It pays to be prepared.
Optional Steps to Tow a Fifth Wheel with 4 inch Lifted Truck?
- Get a fifth wheel trailer drop hitch. It helps because it allows the truck to tow from a lower position despite still being raised.
- Raise the pin height; this usually goes hand-in-hand with a drop hitch. Check with an RV garage before attempting this step.
- Change the tires to a smaller size. It indirectly lowers the lift too.
- Remove the lift kit from the truck. May be seen as excessive by some RVers, but a few even consider replacing the truck to get one that’ll tow well. However, removing the lift kit usually solves the problem when the above suggestions did not.
Read Also: Can a Toyota Tacoma Pull a Camper?
Can a Truck with a 6” Lift Pull a Fifth Wheel?
A 6” lift pull is on the far end of the extreme for pulling a fifth wheel. We make no bones about that. It’s a big ask!
The tailgate will be over 60” off the ground with the fifth wheel’s nose riding way too high.
The lift springs won’t often be built to support the strain of towing when the truck and the fifth wheel aren’t level with each other.
Also, aftermarket lift kits may not have as durable springs compared to the factory-fitted ones on the truck making them even less suitable for towing.
In most situations, we’d strongly advise against towing with a 6-inch lift for safety reasons.
The issue will be that the rear axles of both the truck and the fifth wheel will be truly tested, with the steeper angle of the tow causing unwarranted strain.
It risks towing system failure while driving on the highway, which would be extremely dangerous for the driver, passengers, and other road users too.
Here are the Options for 6” Lift Pull a Fifth Wheel:
- Remove the lift kit from the truck. Tragic, perhaps, but far, far safer.
- Upgrade the lift spring system to withstand the extra weight.
- Replace the tires with smaller ones. These must still have sufficient weight-bearing capacity but indirectly reduce the height disparity between the truck and the fifth wheel.
- Lift the fifth wheel. There are lift kits for fifth wheels to get them riding higher. It’s unconventional, but it’s possible.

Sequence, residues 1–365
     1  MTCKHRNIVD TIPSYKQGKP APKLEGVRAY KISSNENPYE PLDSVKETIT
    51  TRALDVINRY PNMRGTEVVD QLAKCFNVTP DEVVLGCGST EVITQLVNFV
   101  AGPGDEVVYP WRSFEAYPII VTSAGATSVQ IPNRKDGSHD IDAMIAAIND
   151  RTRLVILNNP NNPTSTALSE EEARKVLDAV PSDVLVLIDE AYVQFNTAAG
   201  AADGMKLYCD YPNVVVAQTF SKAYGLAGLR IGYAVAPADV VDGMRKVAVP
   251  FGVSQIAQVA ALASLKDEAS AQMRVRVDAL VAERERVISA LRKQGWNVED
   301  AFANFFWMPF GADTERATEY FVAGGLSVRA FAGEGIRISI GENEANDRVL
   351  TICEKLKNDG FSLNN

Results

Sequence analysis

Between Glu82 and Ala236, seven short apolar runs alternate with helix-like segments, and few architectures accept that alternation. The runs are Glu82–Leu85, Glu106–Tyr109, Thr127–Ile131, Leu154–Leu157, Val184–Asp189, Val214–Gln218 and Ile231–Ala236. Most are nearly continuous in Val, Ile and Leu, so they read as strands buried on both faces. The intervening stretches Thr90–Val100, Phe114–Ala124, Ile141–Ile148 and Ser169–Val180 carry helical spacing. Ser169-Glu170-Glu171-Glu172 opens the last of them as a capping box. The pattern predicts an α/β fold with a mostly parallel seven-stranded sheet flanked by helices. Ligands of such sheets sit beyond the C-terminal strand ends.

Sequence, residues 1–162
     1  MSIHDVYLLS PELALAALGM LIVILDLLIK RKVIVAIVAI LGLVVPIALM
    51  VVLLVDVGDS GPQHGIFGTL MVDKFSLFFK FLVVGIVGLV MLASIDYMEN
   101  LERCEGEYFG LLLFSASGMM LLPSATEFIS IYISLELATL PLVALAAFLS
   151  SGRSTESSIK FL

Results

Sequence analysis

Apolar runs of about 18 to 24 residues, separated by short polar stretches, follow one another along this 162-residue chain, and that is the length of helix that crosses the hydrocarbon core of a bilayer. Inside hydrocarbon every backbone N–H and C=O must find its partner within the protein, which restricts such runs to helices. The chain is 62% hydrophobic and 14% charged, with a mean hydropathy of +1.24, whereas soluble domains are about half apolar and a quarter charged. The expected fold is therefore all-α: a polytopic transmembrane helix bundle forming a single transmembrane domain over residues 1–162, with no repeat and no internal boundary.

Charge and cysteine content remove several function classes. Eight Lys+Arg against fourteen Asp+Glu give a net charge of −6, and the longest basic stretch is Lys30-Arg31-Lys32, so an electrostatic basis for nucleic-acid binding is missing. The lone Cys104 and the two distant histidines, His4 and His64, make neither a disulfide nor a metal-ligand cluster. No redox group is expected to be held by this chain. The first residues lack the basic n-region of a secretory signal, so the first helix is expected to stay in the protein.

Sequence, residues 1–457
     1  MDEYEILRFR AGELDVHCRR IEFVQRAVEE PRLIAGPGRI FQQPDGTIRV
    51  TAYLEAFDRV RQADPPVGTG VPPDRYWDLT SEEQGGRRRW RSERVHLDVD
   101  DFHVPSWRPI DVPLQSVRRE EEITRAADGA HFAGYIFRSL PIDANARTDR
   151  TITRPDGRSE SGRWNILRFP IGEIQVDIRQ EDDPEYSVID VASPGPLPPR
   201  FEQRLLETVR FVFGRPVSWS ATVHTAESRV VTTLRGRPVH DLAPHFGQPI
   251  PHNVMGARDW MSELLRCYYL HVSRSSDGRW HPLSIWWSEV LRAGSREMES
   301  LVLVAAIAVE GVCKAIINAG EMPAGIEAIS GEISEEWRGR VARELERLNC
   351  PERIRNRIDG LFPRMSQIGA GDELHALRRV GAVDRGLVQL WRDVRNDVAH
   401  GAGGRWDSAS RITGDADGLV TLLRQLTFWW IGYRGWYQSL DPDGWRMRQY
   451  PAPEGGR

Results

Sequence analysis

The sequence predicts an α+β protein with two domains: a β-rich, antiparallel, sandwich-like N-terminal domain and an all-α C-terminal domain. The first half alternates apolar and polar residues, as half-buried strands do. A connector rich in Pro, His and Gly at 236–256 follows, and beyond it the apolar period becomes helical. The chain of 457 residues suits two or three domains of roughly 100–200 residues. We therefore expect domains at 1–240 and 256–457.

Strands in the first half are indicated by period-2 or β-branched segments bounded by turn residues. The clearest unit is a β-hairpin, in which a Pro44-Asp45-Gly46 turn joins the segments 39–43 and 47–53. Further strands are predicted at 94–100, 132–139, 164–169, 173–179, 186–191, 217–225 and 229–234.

Using some combination of the above options may solve the issue with a 6-inch lift.
However, most likely, towing without the lift is the best answer. The sway when under tow, at any reasonable speeds, is going to make the driving experience difficult to manage.
Read Also: What Size Camper Can a Chevy 1500 Pull?
Towing a Travel Trailer with a Lifted Truck
A travel trailer will share many of the same considerations as a fifth wheel or a toy hauler.
It’s still a large, bulky, and difficult tow. While it likely weighs less than a fifth wheel, any travel trailer will still ride significantly lower than a lifted truck.
Therefore, adjustments will need to be made to the truck or the travel trailer to either reduce or eliminate the possibility of towing at an uneven level.
Towing a Fifth Wheel Camper with a Lifted Truck
Another option is towing a fifth wheel camper with a lifted truck.
With a camper, they’re much smaller, lighter, and easier to tow.
Given that modern trucks can tow between 4,900 pounds and up to 19,000 pounds, there is usually little trouble towing a camper.
However, towing a camper with a 6-inch lift on the truck is another matter.
The lightness of the camper, along with less durability compared to more expensive fifth wheels or travel trailers, means even more care should be taken. Not less.
As such, a drop hitch is again needed to get the towing height to match more closely.
Reducing the truck’s lift height is also worthwhile.
Don’t expect a camper to manage height disparities better; it will sway even more due to being lightweight.
The driving experience with a lifted truck isn’t going to be enjoyable when towing an RV, including a fifth wheel, toy hauler, travel trailer, or camper.
The greater the distance and the faster you wish to travel, the bumpier and variable the ride.
Keeping the fifth wheel on the road when the sway increases as the rate of speed do too, is something that RVers complain about a lot. Towing is hard enough, without using a lifted truck to do it.